The Hair-raising Adventures of a Group of Airmen Who Escaped the Japanese and Became the RAAF’s Celebrated 18th SquadronMarianne van Velzen
5 October 2017
Published by Allen & Unwin
March 1942. Singapore is about to fall. In Java, a Dutch civilian pilot and an Australian military dispatch rider embark on a frightening escape from the advancing Japanese that takes them from Bandung to a crash landing just north of Darwin. Both would join a unique band of flyers determined to strike back at the enemy.
This is the extraordinary and little known story of more than 100 Dutch airmen stranded in Australia with no country to return to who were joined by a contingent of Australians to make up the RAAF’s No. 18 (Netherlands East Indies Squadron). Formed in Canberra in April 1942, the squadron flew operational coastal patrols before eventually being relocated to the secret MacDonald Airfield, north of Pine Creek in the Northern Territory and then Batchelor near Darwin.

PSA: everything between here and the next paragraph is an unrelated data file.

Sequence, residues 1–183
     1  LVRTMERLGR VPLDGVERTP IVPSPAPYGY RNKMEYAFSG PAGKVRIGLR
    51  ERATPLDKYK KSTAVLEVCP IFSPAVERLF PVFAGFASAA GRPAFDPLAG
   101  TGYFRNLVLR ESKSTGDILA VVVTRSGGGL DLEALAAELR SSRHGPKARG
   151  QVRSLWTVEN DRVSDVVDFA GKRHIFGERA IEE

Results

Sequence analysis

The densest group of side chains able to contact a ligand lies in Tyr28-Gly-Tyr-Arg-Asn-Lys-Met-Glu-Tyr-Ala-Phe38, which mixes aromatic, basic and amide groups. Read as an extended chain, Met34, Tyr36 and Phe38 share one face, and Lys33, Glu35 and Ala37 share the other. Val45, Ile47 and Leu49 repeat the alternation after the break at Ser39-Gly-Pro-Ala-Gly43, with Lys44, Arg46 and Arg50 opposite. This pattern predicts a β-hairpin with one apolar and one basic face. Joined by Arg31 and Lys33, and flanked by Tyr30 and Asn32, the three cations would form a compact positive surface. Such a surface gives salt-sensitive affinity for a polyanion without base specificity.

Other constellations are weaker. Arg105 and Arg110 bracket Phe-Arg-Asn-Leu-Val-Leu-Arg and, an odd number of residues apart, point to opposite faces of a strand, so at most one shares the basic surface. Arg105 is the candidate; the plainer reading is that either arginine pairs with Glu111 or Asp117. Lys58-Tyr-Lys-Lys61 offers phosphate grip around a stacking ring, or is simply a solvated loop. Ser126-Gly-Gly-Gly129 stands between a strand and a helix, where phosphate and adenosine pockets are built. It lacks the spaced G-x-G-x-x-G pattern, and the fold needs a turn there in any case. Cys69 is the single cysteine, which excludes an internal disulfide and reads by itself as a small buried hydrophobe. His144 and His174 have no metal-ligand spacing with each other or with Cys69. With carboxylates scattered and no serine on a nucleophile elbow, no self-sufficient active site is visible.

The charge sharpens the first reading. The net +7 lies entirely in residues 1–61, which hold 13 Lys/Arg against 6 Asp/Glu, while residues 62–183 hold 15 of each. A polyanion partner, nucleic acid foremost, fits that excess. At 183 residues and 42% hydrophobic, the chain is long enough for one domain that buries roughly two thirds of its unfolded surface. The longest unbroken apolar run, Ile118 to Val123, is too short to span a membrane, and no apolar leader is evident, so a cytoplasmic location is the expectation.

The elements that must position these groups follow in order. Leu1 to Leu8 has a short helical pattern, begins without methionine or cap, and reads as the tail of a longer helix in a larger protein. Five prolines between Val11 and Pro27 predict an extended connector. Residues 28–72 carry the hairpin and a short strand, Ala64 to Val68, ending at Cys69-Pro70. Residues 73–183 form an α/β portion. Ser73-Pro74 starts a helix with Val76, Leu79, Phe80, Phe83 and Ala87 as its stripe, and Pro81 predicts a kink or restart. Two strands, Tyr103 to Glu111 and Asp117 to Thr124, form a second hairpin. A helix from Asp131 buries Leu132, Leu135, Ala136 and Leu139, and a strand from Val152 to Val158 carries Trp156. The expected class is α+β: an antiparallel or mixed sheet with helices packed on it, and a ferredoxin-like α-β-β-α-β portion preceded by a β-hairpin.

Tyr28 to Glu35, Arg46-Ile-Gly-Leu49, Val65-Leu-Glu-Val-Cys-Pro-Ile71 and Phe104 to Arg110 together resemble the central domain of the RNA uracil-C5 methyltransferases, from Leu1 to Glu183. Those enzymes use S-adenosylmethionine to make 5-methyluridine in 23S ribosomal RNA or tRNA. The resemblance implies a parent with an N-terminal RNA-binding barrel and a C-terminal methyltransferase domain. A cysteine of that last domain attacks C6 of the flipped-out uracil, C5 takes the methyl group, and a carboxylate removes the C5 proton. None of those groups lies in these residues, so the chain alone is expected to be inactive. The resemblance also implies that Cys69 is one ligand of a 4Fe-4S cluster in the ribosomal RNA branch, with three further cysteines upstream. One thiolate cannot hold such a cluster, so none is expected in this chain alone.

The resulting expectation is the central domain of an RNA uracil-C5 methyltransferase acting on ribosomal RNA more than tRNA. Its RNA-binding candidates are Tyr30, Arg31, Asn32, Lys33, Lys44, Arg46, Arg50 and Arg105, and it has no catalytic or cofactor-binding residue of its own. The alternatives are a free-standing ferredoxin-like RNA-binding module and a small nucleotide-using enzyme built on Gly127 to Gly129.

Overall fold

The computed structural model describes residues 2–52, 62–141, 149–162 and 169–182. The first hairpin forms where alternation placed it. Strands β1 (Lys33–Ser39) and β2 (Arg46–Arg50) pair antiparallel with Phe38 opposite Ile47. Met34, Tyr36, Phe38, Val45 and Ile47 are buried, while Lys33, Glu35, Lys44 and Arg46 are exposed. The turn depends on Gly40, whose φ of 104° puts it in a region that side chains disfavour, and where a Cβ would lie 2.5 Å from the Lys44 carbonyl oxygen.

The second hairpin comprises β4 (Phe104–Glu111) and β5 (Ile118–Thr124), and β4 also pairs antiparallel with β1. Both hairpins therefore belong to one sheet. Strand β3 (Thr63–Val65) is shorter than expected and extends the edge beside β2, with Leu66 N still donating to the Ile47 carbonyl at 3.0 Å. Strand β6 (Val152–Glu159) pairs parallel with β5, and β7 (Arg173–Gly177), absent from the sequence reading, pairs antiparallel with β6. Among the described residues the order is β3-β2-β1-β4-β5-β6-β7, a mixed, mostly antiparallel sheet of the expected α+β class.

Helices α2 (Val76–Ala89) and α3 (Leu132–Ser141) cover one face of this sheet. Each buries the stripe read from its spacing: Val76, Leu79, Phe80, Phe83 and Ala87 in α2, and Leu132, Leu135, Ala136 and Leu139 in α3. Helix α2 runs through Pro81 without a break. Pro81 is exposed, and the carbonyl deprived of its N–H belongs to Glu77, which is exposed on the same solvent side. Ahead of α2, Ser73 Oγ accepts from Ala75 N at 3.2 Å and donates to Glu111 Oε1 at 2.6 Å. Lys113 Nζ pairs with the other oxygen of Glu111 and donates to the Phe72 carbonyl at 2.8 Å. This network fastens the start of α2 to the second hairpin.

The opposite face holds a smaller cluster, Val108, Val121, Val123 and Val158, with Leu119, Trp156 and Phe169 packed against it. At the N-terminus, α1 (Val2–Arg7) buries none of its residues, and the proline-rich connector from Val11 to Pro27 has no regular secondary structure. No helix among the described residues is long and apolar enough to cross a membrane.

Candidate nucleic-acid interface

Told fully for the first time, this is, however, more than a story about the 900 bombing raids, reconnaissance missions and attacks on Japanese shipping that the squadron flew in its three years of existence under Australian control. At its heart, is a powerful and compelling story of a group of very different men thrown together for a common purpose and the strange and sometimes difficult friendships they formed.